New York Times, “Northern Mexico,” September 6, 1859

    Source citation
    "Northern Mexico," New York Times, September 6, 1859, p. 1: 4.
    Newspaper: Publication
    New York Times
    Newspaper: Headline
    Northern Mexico
    Newspaper: Page(s)
    Newspaper: Column
    Date Certainty
    Zak Rosenberg
    Transcription date

    The following text is presented here in complete form, as it originally appeared in print. Spelling and typographical errors have been preserved as in the original.

    Northern Mexico.


    By an arrival of New Orleans, of which telegraphic advices have already been received, we have dates from the Rio Grande to Aug. 11.

    The news is unimportant.

    Gen. MIGUEL BLANCO left Monterey [Monterrey] on the 2d of July for the interior, with 450 riflemen, well mounted and armed, most of them with six shooters.

    Also left for the seat of wax, on the 2d inst., Chief of Division GUERRA, with a battery and munitions, guarded by a company of riflemen. How many pieces were in the battery is not stated.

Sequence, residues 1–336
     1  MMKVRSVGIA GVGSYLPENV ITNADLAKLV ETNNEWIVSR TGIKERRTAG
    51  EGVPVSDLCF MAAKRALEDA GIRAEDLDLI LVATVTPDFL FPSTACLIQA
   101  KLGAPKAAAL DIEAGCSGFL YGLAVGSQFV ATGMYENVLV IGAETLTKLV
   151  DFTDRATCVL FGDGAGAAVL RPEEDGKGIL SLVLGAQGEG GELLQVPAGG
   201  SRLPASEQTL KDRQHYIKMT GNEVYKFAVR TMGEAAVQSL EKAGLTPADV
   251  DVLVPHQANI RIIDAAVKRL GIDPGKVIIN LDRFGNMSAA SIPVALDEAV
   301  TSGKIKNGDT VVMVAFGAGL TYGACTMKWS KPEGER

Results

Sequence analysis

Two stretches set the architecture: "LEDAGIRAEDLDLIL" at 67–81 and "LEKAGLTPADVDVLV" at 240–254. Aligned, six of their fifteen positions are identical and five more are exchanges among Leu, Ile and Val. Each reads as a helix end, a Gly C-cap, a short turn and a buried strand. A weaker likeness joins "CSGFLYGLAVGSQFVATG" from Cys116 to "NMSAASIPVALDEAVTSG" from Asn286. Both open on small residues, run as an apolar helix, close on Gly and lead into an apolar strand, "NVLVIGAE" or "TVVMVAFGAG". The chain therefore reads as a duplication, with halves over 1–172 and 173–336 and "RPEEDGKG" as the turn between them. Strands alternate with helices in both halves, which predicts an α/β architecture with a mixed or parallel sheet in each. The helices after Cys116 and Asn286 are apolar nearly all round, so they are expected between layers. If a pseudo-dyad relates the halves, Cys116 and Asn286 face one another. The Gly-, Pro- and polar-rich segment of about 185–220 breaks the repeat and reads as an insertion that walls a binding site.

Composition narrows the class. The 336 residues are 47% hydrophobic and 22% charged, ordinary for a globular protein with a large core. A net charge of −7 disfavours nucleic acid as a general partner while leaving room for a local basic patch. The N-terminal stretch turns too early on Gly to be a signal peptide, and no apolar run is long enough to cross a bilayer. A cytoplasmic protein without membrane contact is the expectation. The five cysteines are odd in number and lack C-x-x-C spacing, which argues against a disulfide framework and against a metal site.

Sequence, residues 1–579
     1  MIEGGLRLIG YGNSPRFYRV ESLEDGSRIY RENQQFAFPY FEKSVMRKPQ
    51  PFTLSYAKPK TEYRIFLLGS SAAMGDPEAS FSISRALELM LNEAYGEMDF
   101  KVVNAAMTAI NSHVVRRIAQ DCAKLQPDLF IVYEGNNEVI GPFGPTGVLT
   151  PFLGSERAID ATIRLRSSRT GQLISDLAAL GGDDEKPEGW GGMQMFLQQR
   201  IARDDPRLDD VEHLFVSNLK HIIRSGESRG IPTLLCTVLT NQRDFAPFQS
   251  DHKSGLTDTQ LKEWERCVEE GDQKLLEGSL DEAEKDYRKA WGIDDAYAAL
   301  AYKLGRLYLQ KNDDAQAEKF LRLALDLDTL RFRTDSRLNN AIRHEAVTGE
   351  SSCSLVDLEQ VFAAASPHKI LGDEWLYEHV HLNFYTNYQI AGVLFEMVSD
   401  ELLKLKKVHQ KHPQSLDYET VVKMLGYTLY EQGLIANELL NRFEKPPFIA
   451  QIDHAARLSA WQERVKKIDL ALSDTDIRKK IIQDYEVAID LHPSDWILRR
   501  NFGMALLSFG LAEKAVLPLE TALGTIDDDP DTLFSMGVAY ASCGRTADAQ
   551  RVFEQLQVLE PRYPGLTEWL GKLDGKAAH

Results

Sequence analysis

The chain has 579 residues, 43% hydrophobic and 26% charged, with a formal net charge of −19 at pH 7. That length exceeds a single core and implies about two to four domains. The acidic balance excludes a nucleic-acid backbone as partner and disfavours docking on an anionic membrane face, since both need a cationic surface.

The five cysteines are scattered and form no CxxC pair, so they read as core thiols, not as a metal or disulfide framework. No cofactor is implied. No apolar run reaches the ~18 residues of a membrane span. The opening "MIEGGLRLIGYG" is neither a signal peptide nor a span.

The official paper of Zacatecas says that in consideration of the Anti-Catholic conduct of D. PEDRO ESPINOSA. Bishop of Guadalajara, the Governor has instructed the Commissioners to the United States to bring with them Catholic priests of the country who can perform their duties without meddling with politics. This is only in case the curates now in town abandon their posts, as the Bishop has commanded; for the Government, Christian above all things, can never permit the people whom it governs to need spiritual aid.

    In reference to this last difficulty a Zacatecas letter of July 16 says:

    "We have nothing new-all is tranquil. The departure of the priests has caused neither heat nor cold; nearly everybody goes to mass at Guadalupe- [here the priests, we suppose, remained.] All that the clergy have done is to cause the people to love the little of the understood religion which they were thought to have."

    GEn. VIDAURRI has ordered a scientific examination of the mountain of San Geronimo, in the State of New-Leon.

    The State of Zacatecas has decreed, in imitation of the Federal Government, that civil marriages performed by the political chiefs of partidos, or presidents of municipalities (answering to our chief justices of counties and mayors of cities,) shall henceforth be considered valid.

    In the same State, a considerable sum of money has been appropriate to the support of the clergy, who are forbid to charge for baptism, marriages and other similar offices.

    How to Cite This Page: "New York Times, “Northern Mexico,” September 6, 1859," House Divided: The Civil War Research Engine at Dickinson College,